The basics of SEO can be fairly easy to understand and start to implement. But would you know how to run a detailed audit of your website to identify areas where you can make it even faster? After all Google favors fast websites. Would you know how to confirm that Google is properly accessing and crediting all of the pages on your website? If you are getting a site redesign do you know how to ensure that all of your credit is properly passed on to your new pages? Will you risk losing rankings and traffic with your new site design?

5. Paid and Natural Search traffic are highly connected.

Lyngbø comments that:

“Some business leaders consider paid traffic to be completely distinct from search engine optimization, not realizing that an SEO specialist can help you amplify the reach and impact of your paid search campaigns … But both address search users, and having SEO and PPC teams work together can be powerful.”

It can be a costly mistake to think that your PPC is driving all your traffic or that Search is driving all your traffic. The two can be highly correlated and can work best together.

6. Just getting more visitors isn’t enough.

They say that the definition of insanity is doing the same thing over and over again and expecting different results. If 500 visitors to your website a month doesn’t result in any new leads then is it reasonable to expect that 5,000 visitors would? At some point you have to stop chasing more visitors and start going after better visitors. The other option is tweaking your website so that you start getting more out of the same number of visitors, which is called Conversion Optimization.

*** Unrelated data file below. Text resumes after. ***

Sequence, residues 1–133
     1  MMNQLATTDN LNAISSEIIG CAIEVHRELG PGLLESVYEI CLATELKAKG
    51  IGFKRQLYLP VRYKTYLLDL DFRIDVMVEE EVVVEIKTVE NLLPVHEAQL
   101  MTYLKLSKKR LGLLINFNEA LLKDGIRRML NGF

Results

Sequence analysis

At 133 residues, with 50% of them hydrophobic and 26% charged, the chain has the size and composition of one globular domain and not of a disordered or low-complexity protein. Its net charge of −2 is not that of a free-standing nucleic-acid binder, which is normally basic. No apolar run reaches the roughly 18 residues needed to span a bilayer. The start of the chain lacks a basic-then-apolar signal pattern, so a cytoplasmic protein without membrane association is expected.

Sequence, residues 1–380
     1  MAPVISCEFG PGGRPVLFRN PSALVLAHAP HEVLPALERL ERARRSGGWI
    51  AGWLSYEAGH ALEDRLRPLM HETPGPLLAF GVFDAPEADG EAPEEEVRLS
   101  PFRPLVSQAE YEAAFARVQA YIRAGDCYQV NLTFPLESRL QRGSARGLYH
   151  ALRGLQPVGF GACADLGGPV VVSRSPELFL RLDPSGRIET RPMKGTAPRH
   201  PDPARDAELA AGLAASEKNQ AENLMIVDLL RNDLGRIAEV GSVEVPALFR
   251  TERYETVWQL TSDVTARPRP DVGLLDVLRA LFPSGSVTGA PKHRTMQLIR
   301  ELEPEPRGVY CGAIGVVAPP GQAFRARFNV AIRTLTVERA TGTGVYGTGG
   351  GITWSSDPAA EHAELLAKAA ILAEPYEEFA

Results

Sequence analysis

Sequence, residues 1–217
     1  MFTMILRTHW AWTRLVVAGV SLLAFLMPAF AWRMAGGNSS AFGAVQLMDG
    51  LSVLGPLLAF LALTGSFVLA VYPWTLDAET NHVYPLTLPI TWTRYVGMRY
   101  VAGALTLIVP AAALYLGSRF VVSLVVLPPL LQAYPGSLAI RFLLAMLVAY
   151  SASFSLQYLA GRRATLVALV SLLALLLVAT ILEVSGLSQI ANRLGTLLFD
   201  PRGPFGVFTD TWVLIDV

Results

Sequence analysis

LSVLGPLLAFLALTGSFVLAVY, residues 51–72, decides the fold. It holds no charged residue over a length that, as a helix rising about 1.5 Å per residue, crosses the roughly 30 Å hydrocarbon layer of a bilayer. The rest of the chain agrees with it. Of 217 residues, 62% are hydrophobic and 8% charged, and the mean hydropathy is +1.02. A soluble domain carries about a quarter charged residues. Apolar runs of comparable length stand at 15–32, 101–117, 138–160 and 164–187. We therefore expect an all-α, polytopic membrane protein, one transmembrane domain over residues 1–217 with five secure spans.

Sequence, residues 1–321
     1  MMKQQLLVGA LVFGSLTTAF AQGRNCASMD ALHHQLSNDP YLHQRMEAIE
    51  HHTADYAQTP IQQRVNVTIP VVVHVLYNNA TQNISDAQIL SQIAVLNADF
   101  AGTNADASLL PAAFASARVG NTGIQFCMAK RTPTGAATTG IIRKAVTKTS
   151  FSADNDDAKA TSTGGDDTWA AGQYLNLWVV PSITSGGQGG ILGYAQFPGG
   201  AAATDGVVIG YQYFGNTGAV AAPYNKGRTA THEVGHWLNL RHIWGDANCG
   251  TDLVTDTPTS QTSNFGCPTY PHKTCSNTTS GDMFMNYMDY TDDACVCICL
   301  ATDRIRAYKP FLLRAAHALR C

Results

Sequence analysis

On a bigger picture level, Lyngbø challenges any business owner:

“If only a tiny fraction of what you do is effective in bringing you desirable results, why repeat everything that doesn’t work again next year?”

7. Insights gathered from Google can help future-proof your business.

Over the years we have had to have some hard conversations with clients who were in what seemed to be dying industries. After seeing the total number of people searching for their types of products and services decline they questioned if they were still relevant or if people still wanted what they had to offer.

On the other hand, we’ve also been able to point out exciting opportunities we can find through search behaviour. The conversation often goes like this:

Us: “We’ve noticed an increase in the number of searches for X product or Y service. Is that something you would be able to offer?”

Client: “We have actually been considering adding that to our business.”

Us: “Well now may be the time because a lot of people are looking and very few other businesses are offering it. You can be a first mover.”

After all as Lyngbø it’s free to access Google’s search data and glean it for new insights. For example, do you know the most frequently asked questions on Google about your type of products?

8. SEO is built into your website design.